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The eye of Janus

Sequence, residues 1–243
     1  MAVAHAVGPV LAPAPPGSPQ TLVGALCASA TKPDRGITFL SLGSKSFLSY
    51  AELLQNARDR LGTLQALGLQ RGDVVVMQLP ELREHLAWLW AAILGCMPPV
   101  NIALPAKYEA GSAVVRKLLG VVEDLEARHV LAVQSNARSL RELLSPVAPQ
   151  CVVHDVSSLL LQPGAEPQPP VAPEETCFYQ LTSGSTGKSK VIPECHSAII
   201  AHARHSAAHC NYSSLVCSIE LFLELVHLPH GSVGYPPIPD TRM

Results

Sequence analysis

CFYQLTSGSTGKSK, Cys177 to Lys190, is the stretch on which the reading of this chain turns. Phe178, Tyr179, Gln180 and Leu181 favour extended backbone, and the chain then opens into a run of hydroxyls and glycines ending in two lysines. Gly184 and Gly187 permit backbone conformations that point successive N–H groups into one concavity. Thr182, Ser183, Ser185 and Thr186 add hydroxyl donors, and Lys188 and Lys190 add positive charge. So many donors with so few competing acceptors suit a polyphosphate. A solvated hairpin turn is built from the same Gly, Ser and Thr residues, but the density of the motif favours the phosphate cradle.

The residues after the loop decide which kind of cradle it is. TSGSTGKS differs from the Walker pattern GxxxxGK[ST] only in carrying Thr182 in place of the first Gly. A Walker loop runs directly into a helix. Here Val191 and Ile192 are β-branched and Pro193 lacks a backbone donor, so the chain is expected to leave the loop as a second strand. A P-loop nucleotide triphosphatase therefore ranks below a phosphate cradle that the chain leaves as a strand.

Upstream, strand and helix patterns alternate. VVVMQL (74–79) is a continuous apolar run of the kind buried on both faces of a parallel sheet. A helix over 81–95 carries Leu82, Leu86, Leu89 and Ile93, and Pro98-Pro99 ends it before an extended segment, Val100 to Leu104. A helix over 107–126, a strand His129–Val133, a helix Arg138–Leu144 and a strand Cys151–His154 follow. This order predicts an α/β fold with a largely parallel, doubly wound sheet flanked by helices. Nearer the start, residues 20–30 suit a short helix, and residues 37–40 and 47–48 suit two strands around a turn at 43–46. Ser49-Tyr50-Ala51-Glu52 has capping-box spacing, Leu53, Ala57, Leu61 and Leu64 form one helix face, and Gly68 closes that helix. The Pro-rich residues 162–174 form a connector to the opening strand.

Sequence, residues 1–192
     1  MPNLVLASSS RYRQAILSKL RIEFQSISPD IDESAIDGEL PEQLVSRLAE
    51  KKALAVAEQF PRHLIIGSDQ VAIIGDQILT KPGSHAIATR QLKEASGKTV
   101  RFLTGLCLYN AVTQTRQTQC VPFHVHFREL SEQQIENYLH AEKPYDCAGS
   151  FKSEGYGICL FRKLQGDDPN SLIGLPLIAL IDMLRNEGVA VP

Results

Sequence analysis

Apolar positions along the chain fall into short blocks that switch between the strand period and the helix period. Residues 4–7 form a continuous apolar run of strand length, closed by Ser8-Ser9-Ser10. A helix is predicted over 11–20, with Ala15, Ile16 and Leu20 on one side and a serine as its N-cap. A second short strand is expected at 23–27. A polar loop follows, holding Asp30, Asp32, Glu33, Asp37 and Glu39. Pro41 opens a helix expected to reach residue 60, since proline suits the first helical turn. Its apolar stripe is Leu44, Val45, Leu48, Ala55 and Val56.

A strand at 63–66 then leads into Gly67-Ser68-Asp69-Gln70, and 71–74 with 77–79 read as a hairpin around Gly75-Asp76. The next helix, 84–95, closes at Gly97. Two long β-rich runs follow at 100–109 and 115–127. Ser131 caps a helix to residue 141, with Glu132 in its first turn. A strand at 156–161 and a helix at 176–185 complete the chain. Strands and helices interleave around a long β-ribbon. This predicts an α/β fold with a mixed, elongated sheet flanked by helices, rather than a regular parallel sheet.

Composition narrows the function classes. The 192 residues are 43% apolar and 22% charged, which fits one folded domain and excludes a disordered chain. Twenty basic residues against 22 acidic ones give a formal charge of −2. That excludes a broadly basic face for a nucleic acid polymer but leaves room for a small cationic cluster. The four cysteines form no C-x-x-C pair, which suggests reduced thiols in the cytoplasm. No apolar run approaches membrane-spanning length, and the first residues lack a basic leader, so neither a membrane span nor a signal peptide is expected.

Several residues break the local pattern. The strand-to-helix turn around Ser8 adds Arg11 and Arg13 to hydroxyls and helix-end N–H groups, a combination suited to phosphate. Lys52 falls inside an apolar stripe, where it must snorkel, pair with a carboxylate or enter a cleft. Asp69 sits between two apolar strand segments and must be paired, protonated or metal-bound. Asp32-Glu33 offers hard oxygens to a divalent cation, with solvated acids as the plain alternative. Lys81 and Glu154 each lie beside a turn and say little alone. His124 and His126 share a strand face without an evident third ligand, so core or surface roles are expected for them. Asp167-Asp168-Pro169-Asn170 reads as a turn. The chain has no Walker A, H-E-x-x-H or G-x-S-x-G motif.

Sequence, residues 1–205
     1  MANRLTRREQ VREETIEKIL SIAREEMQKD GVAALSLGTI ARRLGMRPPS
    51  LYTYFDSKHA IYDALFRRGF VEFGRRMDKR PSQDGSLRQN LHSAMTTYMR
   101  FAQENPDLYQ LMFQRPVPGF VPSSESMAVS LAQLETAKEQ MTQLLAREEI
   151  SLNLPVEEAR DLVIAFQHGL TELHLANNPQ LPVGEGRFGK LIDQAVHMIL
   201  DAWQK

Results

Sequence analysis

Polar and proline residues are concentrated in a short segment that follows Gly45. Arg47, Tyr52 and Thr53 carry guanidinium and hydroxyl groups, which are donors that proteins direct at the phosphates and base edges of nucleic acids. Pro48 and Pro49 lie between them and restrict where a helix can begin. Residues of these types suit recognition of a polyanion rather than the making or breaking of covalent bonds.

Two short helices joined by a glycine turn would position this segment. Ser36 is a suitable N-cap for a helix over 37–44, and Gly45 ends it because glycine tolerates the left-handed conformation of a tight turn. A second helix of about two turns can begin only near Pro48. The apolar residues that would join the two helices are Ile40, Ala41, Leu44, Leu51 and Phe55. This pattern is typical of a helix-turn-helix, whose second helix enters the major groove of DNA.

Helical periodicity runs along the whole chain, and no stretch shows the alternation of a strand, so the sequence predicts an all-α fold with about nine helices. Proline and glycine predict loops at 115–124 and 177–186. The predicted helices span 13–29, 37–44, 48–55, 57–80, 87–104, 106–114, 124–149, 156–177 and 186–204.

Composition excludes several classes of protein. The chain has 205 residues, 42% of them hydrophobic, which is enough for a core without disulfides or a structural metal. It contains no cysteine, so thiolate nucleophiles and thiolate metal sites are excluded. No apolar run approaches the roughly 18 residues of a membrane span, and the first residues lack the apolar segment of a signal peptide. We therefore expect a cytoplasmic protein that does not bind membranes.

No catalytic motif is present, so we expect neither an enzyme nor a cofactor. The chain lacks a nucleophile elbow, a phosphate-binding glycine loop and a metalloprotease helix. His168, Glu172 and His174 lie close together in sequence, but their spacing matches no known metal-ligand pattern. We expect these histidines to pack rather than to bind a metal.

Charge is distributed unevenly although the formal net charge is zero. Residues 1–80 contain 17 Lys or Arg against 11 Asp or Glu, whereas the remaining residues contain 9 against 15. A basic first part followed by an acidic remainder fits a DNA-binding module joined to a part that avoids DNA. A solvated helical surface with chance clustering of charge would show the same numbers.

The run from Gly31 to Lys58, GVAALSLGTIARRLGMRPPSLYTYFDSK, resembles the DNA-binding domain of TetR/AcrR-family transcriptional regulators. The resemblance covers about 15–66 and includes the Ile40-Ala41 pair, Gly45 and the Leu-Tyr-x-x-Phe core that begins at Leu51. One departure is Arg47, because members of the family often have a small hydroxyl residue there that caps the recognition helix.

The range of scientific approaches building the concept of Global Vision, plus contributions from the world of arts and humanistic culture, provides the material with which the Global Complexity Art builds the creative framework of a metaphorical "Window on the world" opening the panoramic site of global changes. On the other hand, considering the anthropological involvement enacted by the Global Vision, the best definition of the Global Complexity Art is "the art of seeing the world". To this creative outlook is fitting well a saying of Marcel Proust: "It is not important to see new landscapes but in having new eyes". In fact the evolving of “new eyes” is what the Global Complexity Art implies, by promoting the correct parameters for a new way of looking at the world. This means to provoke a new sensibility opening the eyes on the reality of our existential dimension, to overcome the typical egoistic nearside trough the opening of mental spaces, as necessary premise to see the world with the real local-global interaction in which we live every day. It is the art of seeing trough the Global Vision over the real world extended in space and in time. The “art of looking at the world” is like creating a mental hologram with images of the world formed by stratified sediments created by time evolving from the past to future. It means creating a virtual image composed by the constellation of archaeological remains testifying historical dynamics, traces of events and signs of changes crystallized by time in drawing the historical topography of the global landscape. It means to create a project with the heredity the world traced in time and which is waiting to be coordinated with contemporary developments to be projected into the creation of the future. In this sense the great Russian semiologist Mikhail Bachtrim called the world a "great chronotope", meaning a topography of time, which evolves from earliest origins by projecting it selves -thanks to human creativity- in the best of possible futures. Ultimately, the Global Complexity Art locates it selves in this time stream, painting the picture of the present situated between past and future, where, in fact, is rooted our true identity as well as the authenticity of any creative project. It’s simply the real human identity recorded in our DNA, as in the genetic memory of any living being, which leads to admit that we are all children of the Earth and members of the human family plus being related to the other inhabitants of this planet. In this view our awareness may rises until the appropriate level to become a real citizen of the world, as people of a global society having in common what Edgar Morin calls "Fatherland-Earth."